Nurses Urge DC Council to Pass Emergency Safe Staffing Bill
DC RNs Tuesday Call on Council to End Delay on the Patient Protection Act
Washington, DC registered nurses today called on the District of Columbia Council to pass an emergency bill to immediately improve patient care with minimum standards for safe nurse staffing in DC hospitals – and end a delay on the bill that has been fiercely opposed by a hospital industry that the nurses say has been putting their focus on budget goals and profits ahead of patient safety.
The RNs, members of National Nurses United, will convene at 9:15 a.m. outside the John A. Wilson Building, 1350 Pennsylvania Avenue, N.W., Washington, DC prior to the District Council’s consideration of an emergency measure introduced by Council Member Vincent Orange to implement the Patient Protection Act immediately.
The bill would set specific limits on the number of patients RNs can care for (nurse-to-patient ratios), with additional staffing required based on individual need, similar to limits on class sizes or minimum standards for clean air and water.
Initially introduced in early 2013 with the support of ten members of the District Council, the Patient Projection Act has been ferociously opposed by the wealthy hospital industry lobby. A hearing on the bill was finally held in the Health Committee on November 8, but the Committee has yet to have a vote scheduled on it. Council member Orange, a member of the Health Committee, is calling for a vote now.
“The patient care crisis in DC’s hospitals is an emergency that needs to get addressed immediately by the District government,” said Donna Fleming-Coby, an RN in the intermediate care step-down unit at Providence Hospital. “Last week, I had to work an 18-hour shift because the hospital will not have enough nurses at the bedside to care of our patients. This is unsafe for patients. Many other nurses in our hospital and in other hospitals across the District are forced to care for more patients than is safe.”
“District hospital administrators have yet to present any evidence to refute the compelling evidence of years of scientific research and studies that document a direct link between limiting the number of patients assigned to an RN and patient safety, including fewer patient deaths,” said Margaret Shanks, RN, a neo-natal intensive care transport nurse at Children’s National Medical Center and president of the District of Columbia Nurses Association/NNU.
“This is a matter of life and death,” added Leah Haileab, an RN in the step-down nursery at MedStar Washington Hospital Center. “The DC government can either listen to the appeals of the nurses—the caregivers that our patients depend upon-- or it can ignore us and side with the big hospital corporations and put more people at risk. The choice is that stark.”
“This emergency measure is needed because the Council has failed to act on the Patient Protection Act which was introduced over a year ago. Registered nurses are patient advocates and we will not relent until our elected representatives address this crisis,” said Jean Kitongo, RN, emergency room nurse at Howard University Hospital.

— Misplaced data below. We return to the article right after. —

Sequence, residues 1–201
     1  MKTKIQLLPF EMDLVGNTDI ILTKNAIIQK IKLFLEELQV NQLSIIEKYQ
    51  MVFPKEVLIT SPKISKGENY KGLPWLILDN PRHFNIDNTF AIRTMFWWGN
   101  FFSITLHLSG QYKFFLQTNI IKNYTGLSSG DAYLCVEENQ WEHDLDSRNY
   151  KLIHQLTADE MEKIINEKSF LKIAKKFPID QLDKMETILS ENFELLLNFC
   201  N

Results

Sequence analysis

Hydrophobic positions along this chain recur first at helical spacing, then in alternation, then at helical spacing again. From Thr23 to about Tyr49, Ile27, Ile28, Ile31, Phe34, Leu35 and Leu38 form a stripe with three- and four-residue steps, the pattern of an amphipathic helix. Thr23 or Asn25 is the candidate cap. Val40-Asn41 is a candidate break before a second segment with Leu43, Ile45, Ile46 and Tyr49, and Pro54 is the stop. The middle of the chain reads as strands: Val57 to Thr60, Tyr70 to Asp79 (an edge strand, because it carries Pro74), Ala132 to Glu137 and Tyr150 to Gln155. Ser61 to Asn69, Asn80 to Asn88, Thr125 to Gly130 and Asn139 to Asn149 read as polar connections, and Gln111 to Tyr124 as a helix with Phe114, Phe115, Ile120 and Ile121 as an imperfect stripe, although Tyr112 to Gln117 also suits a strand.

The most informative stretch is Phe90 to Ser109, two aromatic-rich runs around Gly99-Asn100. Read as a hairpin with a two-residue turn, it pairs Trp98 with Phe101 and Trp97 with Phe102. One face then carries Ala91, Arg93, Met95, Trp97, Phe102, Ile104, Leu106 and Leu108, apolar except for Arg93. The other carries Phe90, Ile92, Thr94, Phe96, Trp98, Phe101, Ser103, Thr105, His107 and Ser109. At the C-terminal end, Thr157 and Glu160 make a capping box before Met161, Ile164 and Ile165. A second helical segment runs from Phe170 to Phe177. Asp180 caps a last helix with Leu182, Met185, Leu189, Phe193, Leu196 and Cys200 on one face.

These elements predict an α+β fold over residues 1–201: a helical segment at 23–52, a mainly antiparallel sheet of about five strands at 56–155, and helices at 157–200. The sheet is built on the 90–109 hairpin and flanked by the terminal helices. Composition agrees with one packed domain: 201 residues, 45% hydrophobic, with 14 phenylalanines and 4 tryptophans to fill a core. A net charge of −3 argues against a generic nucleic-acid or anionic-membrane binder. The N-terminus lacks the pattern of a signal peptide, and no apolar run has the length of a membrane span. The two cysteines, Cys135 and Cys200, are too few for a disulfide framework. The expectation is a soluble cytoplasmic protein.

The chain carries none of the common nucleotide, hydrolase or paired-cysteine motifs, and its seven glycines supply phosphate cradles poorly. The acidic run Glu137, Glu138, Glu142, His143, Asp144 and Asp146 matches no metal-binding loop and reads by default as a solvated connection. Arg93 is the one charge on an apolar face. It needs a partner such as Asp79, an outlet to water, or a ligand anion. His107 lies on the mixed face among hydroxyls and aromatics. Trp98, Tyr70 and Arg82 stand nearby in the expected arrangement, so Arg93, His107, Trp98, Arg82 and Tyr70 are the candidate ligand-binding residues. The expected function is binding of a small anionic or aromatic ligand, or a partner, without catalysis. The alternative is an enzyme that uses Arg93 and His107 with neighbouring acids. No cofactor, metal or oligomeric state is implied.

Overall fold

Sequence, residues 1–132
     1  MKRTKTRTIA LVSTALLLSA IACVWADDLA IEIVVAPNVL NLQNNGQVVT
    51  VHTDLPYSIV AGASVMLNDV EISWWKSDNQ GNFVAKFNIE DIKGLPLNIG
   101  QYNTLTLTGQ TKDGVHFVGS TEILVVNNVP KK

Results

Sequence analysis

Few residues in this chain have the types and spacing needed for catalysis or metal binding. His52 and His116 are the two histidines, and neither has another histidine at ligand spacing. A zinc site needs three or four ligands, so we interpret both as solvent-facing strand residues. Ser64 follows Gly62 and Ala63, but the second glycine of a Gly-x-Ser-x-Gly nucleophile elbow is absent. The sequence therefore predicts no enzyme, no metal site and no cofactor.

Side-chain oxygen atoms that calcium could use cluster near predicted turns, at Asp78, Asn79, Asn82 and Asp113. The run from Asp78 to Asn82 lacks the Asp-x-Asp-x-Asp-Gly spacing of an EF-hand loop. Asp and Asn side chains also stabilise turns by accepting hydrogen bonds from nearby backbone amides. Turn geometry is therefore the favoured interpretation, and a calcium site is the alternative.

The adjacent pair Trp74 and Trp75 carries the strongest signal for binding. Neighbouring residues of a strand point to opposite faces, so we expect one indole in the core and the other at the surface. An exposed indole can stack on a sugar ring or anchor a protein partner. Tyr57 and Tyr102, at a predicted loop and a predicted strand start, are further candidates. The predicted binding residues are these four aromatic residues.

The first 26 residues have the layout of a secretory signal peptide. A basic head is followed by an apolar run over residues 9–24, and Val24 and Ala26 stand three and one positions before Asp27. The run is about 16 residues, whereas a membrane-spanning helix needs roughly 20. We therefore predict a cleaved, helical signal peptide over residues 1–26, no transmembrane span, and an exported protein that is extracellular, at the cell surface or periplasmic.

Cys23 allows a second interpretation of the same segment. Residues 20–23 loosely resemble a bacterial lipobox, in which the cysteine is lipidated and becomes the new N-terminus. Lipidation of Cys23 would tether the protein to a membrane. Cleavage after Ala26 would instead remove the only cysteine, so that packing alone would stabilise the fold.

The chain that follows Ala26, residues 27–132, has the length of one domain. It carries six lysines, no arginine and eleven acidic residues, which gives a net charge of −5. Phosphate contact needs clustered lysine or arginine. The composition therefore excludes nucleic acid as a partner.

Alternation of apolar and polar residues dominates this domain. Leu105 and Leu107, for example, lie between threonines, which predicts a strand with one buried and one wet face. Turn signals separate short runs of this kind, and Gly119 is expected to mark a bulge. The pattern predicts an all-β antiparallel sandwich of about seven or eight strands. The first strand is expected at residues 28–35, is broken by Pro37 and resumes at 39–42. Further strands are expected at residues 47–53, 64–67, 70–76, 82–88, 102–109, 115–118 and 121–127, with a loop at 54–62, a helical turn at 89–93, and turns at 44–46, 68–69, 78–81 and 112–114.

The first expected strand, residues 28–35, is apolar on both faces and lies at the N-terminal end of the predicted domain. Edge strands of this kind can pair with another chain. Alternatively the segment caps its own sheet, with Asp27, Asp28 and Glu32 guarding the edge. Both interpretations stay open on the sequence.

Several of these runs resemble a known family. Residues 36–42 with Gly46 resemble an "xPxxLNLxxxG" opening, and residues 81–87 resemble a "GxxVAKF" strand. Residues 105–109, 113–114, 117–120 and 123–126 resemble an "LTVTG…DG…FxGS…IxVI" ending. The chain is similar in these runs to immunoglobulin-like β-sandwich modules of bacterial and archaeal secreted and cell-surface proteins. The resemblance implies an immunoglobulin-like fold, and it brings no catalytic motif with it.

National Nurses United, together with its affiliate, the District of Columbia Nurses Association, represents 4,400 RNs employed in Washington, D.C., including at seven of the city’s hospitals.
Testimony by DC patients and family members in the November hearing brought a human dimension to the urgency of action on the bill.
“I am here because my mother is dead, and died in pain, as a result of the crisis in our city’s hospitals,” said Tina Trowell described the pain and suffering experienced by her mother who died in Washington Hospital Center “because of complications related to a urinary tract infection” where “she developed multiple pressure sores covering her entire backside.
“My mother suffered. There was no one to change her dressings when she was incontinent or apply antibiotics in a timely fashion or even give her regular pain medication when the pressure ulcers had grown out of control.” Of the nurses on staff, she said, “there were simply too few of them to care for the large number of patients, including my mother, in an optimal way. No mother should have to die in agony, covered in her own feces as mine did. Every patient deserves to live and die with dignity.”
Mary Neznek shared her experience at Sibley Memorial Hospital when she came for a hip replacement. “The real pain and problems didn’t come from my surgery as you might expect. They came in the hours and days after my surgery, and it was exacerbated because my nurses were so clearly over worked.
“I could see that the nurses were running to get to all of their patients and I could tell they were trying their best, but it was also apparent that they could not do it all,” Neznek said. “No one should have additional pain inflicted on them because hospital management are cutting corners and understaffing nurses.”
Rabbi Elizabeth Richman described her experience when giving birth at a city hospital. “My son developed feeding issues shortly after he was born. Overburdened staff would stop in and try to help me feed him as best they could, but mostly they told me there were too few of them working that day and everything would be okay tomorrow when staffing would be back to normal.”
“The staff was larger the next day, but 24 hours later it was just too late. My son’s feeding problems had snowballed. My husband and I spent the next four months spending money and time we didn’t have consulting with specialists to help our son. The specialists told us that if there had been people on staff in the first 24 hours to give our son the attention he needed, this would never have happened.”
Forty-five community and labor organizations have endorsed the legislation. In addition, 43 community faith leaders have announced support for the bill and urged the Council to pass it.